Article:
The child of the rescued mother enters
the bris of Avraham Avinu
The dramatic story begins with an anonymous email that arrived eight months ago at the headquarters of Yad L'Achim in Bnei Brak. The writer, identifying herself only as a nurse at a well-known hospital in the center of Israel, wanted to share information about a Jewish woman who had just given birth to a son.
"I'm forbidden by rules of confidentiality from divulging details about the woman, but she is a Jew and her husband is an Arab and I have the feeling that she is suffering greatly from this relationship. I decided that I would write you without giving any identifying details of either the mother or myself, and to leave it to you to deal with the case as you see fit."
Shortly after the email was received, two female Yad L'Achim activists were at the hospital's maternity ward trying to identify the mother. When their best efforts proved futile, Yad L'Achim sent an email back to the sender with an emotional appeal: "Please give us additional details. If a mother in your care is suffering, how can you remain silent?"
The disappointing response appeared to slam the door on any hope of helping the poor woman: "Sorry. She left the hospital. Shalom."
But six months later, Yad L'Achim got a second chance to be of assistance. A call came in on the organization's hotline from a woman in the south of the country whose daughter had succeeded in escaping from an Arab village, after enduring terrible abuse at the hands of her husband.
The woman was overwhelmed with gratitude to G-d for delivering her daughter to safety. There was just one thing that kept her joy from being complete. Her detailed request left no doubt that her daughter was the woman who disappeared from the maternity ward before Yad L'Achim could reach her.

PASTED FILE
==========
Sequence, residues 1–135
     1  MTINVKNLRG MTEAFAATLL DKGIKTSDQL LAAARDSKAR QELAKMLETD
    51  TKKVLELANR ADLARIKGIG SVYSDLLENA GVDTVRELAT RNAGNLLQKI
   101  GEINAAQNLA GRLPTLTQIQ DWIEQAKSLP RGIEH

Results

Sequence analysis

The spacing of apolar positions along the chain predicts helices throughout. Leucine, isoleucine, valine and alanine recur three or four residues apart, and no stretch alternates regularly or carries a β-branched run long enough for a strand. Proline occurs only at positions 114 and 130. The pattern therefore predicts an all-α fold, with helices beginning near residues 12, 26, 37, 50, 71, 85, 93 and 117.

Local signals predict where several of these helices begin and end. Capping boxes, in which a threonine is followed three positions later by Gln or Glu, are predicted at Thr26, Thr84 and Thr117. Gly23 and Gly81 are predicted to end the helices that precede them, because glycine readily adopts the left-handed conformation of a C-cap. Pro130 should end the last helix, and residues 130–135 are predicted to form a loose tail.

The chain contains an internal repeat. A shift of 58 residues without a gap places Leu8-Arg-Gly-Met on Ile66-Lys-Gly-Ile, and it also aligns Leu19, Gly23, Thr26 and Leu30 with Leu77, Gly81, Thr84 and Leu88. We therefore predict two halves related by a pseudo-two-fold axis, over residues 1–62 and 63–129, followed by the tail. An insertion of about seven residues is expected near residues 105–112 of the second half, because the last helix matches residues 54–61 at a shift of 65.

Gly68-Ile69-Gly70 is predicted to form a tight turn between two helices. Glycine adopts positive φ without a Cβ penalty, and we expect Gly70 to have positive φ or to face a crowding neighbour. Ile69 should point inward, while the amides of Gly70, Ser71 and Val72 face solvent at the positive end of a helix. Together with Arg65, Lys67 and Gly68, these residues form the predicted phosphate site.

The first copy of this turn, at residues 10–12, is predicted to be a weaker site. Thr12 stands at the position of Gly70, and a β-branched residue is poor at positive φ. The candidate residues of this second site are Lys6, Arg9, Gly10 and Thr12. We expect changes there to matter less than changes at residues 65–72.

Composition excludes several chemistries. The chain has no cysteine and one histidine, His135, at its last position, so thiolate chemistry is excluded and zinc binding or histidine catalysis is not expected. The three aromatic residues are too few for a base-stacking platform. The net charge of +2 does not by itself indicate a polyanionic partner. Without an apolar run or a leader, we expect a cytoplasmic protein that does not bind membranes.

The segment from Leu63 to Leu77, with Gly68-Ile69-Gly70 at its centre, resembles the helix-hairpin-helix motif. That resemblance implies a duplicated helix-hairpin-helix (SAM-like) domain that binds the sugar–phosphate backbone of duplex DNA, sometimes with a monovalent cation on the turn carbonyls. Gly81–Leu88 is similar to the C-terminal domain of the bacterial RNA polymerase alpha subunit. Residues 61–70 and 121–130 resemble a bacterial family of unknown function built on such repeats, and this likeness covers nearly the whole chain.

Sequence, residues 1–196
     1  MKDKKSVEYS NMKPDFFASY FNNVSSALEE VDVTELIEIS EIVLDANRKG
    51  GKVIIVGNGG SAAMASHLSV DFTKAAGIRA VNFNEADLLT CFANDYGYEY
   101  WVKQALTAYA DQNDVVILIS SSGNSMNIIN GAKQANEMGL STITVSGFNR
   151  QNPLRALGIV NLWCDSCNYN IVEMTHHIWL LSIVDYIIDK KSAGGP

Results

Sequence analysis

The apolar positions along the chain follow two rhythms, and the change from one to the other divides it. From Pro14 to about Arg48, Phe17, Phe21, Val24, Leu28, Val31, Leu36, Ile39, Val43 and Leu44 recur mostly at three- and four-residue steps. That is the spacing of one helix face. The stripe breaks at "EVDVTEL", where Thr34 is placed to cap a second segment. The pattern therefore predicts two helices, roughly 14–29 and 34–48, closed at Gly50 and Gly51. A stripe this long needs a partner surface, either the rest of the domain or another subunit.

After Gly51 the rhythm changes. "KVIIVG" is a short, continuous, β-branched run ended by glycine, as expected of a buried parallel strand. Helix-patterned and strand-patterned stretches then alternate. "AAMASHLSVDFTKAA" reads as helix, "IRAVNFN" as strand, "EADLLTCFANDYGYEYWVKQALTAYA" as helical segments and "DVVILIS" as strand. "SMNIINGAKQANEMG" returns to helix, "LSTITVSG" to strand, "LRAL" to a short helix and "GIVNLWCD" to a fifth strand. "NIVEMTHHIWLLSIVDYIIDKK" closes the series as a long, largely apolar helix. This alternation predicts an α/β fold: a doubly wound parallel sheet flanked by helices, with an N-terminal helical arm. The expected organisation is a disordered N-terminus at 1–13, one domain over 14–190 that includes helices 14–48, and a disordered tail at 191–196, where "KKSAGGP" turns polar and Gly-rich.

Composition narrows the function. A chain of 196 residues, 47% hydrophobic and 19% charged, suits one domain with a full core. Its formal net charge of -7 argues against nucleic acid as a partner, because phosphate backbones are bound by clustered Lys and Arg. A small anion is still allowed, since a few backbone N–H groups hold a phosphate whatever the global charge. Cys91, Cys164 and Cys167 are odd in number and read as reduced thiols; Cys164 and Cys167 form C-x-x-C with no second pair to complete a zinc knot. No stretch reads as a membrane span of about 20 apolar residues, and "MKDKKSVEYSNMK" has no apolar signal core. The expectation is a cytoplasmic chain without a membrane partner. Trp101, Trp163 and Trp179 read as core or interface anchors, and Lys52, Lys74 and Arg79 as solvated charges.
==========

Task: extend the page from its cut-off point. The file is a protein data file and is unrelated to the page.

"My daughter gave birth to a baby boy last Sukkos at a hospital in the center of the country, but her Arab husband wouldn't allow the baby to have a bris. A short while later, after my daughter returned home with her baby to the Arab village, she understood that her life was in danger and that she had to run away. She couldn't take her baby with her, but felt confident that once she was safe she would find a way to extricate the baby.
"After the Arab discovered that his wife had run away to our home, he called and notified her that she should give up any hope of seeing her child again. 'Don't you dare ask me about him,' he said. 'This boy is going to be raised by me.'
"We're appealing to you at Yad L'Achim. Please help my daughter get her son back."
Yad L'Achim's legal team reviewed the case and drafted a strategy for returning the baby to his Jewish mother. But even as efforts were underway, the story took a surprising twist. On Friday, May 25, right before Shavuos, the Arab showed up at the door of the grandparents, baby in hand.
"This baby is Jewish," he said. "I don't want him. Take him from me."
Yad L'Achim was notified of the blessed news and immediately turned to the Bris Yosef Yitzchak organization, which specializes in providing circumcisions for such cases, to arrange the bris, which was held last week.
The closing of the circle was a reminder of what Yad L'Achim's legendary founder Hagaon Harav Shalom Dovber Lifschitz, zt"l, always said: "We must never give up on any Jew."